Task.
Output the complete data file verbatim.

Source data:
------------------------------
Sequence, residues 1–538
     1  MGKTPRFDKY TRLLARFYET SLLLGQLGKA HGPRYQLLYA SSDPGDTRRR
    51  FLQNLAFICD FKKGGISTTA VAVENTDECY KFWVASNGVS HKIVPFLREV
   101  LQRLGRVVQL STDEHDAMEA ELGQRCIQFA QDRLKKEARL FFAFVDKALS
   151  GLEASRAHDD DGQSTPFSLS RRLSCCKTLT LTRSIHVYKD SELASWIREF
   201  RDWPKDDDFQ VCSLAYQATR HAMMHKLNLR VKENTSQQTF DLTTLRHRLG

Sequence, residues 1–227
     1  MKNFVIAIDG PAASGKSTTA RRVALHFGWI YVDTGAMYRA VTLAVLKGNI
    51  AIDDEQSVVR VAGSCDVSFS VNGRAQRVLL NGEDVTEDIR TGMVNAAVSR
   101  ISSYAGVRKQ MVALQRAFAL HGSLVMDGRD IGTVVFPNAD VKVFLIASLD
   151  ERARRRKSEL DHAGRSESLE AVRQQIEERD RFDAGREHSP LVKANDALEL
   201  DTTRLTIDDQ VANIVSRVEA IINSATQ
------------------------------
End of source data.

Sequence, residues 1–538
     1  MGKTPRFDKY TRLLARFYET SLLLGQLGKA HGPRYQLLYA SSDPGDTRRR
    51  FLQNLAFICD FKKGGISTTA VAVENTDECY KFWVASNGVS HKIVPFLREV
   101  LQRLGRVVQL STDEHDAMEA ELGQRCIQFA QDRLKKEARL FFAFVDKALS
   151  GLEASRAHDD DGQSTPFSLS RRLSCCKTLT LTRSIHVYKD SELASWIREF
   201  RDWPKDDDFQ VCSLAYQATR HAMMHKLNLR VKENTSQQTF DLTTLRHRLG

Sequence, residues 1–227
     1  MKNFVIAIDG PAASGKSTTA RRVALHFGWI YVDTGAMYRA VTLAVLKGNI
    51  AIDDEQSVVR VAGSCDVSFS VNGRAQRVLL NGEDVTEDIR TGMVNAAVSR
   101  ISSYAGVRKQ MVALQRAFAL HGSLVMDGRD IGTVVFPNAD VKVFLIASLD
   151  ERARRRKSEL DHAGRSESLE AVRQQIEERD RFDAGREHSP LVKANDALEL
   201  DTTRLTIDDQ VANIVSRVEA IINSATQ